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The National Portrait Gallery acknowledges the Traditional Custodians of Country throughout Australia and recognises the continuing connection to lands, waters and communities. We pay our respect to Aboriginal and Torres Strait Islander cultures and to Elders both past and present.

Aboriginal and Torres Strait Islander viewers are warned that this website contains images of deceased persons.

Right Rev Dr Lawrence Bonaventure Sheil OSF

c. 1872
Bardwell's Royal Studio

albumen silver carte de visite (support: 10.1 cm x 6.2 cm)

Lawrence Bonaventure Sheil OSF (1815–1872), Catholic bishop, was educated in Ireland and Rome, where he taught for some time after his ordination in 1839. Recruited for the Australian mission, he arrived in Melbourne in early 1853. After serving on the Catholic education board of Victoria, he went to Ballarat as archdeacon in 1859. Seven years later, he was consecrated Bishop of Adelaide. In South Australia he nominally presided over a period of great expansion in Catholic facilities and personnel; there were scores of Catholic schools in his diocese. However, for much of his time as bishop he was in Rome and Ireland, recruiting and attending to other business; and he was also in poor health. As a result, there was considerable confusion and disunity amongst South Australian Catholics during his bishopric. In 1871 he hastily excommunicated Mary MacKillop, founder of the teaching congregation of the Sisters of St Joseph. Five months later, as he lay dying from a carbuncle, he instructed a colleague to lift his censure. MacKillop was restored to the church without delay, and later completely exonerated.

Photographer William Bardwell worked in Ballarat from 1858 until 1895. Initially in partnership with Saul Solomon, he specialised in portraits and views, examples of which were exhibited in the Geelong Industrial Exhibition in 1862 and the 1863 Ballarat Mechanics’ Institute Exhibition. In 1866, Bardwell established the Royal Photographic Studio independently of Solomon, one newspaper announcing that the new studio was ‘in every way replete with suitable accommodation … and rooms are provided for both ladies and gentlemen.’ Bardwell took advantage of his studio’s close proximity to the Theatre Royal, producing photographs for visiting theatre groups and opera companies and for those on the variety and sideshow circuits. Boasting the ‘best appointed Studio in the colonies’, Bardwell also provided portraits for prominent citizens and from 1868, having presented a set of views of Ballarat to Prince Alfred, advertised himself as photographer ‘By Special Appointment to HRH the Duke of Edinburgh.’ Bardwell went into partnership with John Beauchamp for some part of 1878 before relocating to Melbourne later that year. Bardwell’s Royal Studios at Ballarat remained active, however, throughout the 1880s under the management of a Mr Williams.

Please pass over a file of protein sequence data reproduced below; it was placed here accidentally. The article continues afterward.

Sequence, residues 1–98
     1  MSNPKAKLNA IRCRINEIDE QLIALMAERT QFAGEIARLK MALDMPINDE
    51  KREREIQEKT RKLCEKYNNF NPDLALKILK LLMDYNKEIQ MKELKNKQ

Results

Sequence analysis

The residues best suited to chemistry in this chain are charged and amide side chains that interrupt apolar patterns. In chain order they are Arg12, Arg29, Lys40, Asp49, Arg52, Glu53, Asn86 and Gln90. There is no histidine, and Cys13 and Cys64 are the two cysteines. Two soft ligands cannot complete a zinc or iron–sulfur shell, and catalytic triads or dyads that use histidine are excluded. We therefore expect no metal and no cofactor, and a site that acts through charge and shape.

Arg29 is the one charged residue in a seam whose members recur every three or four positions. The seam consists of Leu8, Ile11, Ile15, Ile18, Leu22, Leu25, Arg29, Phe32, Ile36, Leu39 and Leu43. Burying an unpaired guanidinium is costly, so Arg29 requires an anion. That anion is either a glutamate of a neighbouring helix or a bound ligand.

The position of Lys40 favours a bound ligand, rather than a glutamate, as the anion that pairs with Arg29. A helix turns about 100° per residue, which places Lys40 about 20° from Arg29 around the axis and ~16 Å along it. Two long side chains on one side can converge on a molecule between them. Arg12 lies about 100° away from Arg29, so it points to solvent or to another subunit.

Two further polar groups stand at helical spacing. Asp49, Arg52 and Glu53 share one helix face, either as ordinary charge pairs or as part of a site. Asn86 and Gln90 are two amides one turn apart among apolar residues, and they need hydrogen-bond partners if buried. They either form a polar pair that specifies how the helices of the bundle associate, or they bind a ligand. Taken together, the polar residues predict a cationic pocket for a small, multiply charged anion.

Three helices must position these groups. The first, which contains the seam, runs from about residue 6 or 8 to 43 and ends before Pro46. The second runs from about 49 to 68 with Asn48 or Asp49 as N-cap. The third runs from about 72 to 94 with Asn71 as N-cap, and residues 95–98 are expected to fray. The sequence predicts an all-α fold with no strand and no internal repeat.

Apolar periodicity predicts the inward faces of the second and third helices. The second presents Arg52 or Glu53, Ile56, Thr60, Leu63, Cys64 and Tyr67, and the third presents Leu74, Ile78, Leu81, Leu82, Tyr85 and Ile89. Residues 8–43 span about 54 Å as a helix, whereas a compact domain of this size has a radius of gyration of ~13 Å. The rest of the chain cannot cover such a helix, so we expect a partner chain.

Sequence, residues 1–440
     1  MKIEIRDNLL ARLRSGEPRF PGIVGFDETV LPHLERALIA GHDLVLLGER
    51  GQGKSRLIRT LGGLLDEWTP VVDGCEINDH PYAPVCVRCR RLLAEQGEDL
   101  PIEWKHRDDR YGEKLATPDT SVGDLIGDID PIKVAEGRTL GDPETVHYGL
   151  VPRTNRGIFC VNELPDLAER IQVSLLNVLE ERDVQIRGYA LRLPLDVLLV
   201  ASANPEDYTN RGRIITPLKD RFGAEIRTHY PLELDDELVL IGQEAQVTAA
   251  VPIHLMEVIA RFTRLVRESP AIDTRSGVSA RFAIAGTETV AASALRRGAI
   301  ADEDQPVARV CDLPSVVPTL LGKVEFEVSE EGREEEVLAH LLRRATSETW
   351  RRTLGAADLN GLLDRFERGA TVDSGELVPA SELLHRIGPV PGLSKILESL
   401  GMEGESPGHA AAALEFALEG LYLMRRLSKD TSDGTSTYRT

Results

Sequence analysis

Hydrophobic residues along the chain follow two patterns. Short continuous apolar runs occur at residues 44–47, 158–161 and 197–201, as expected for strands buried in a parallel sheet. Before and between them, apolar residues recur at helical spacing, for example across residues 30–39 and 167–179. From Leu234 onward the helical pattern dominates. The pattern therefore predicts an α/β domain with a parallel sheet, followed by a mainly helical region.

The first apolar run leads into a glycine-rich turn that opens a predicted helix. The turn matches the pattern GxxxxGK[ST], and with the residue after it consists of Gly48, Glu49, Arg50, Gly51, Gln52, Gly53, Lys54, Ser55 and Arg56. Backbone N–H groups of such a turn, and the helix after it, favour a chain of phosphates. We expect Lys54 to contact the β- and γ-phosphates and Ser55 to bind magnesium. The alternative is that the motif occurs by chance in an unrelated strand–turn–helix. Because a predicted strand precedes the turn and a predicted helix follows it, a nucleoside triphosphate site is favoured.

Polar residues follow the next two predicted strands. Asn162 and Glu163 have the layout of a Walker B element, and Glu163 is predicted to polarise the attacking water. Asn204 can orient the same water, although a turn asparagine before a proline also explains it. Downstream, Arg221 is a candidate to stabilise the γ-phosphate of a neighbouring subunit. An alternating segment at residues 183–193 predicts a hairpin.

Collection: National Portrait Gallery
Purchased 2010

The National Portrait Gallery respects the artistic and intellectual property rights of others. Works of art from the collection are reproduced as per the Australian Copyright Act 1968 (Cth). The use of images of works from the collection may be restricted under the Act. Requests for a reproduction of a work of art can be made through a Reproduction request. For further information please contact NPG Copyright.

Artist and subject

Bardwell's Royal Studio (age 36 in 1872)

Lawrence Bonaventure Sheil OSF (age 57 in 1872)

Subject professions

Religion

Related information

The Companion

Permanent collection catalogue

Café and shop

On one level The Companion talks about the most famous and frontline Australians, but on another it tells us about ourselves: who we read, who we watch, who we listen to, who we cheer for, who we aspire to be, and who we'll never forget. The Companion is available to buy online and in the Portrait Gallery Store.

Lady Barkly
Lady Barkly
Lady Barkly
Lady Barkly

Carte-o-mania!

Previous exhibition, 2018

Drawn from the NPG’s burgeoning collection of cartes de visite, Carte-o-mania! celebrates the wit, style and substance of the pocket-sized portraits that were taken and collected like crazy in post-goldrush Australia.

The National Portrait Gallery building front entrance
The National Portrait Gallery building front entrance
The National Portrait Gallery building front entrance
The National Portrait Gallery building front entrance

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The National Portrait Gallery acknowledges the Traditional Custodians of Country throughout Australia and recognises the continuing connection to lands, waters and communities. We pay our respect to Aboriginal and Torres Strait Islander cultures and to Elders past and present. We respectfully advise that this site includes works by, images of, names of, voices of and references to deceased people.

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The National Portrait Gallery respects the artistic and intellectual property rights of others. The use of images of works of art reproduced on this website and all other content may be restricted under the Australian Copyright Act 1968 (Cth). Requests for a reproduction of a work of art or other content can be made through a Reproduction request. For further information please contact NPG Copyright.

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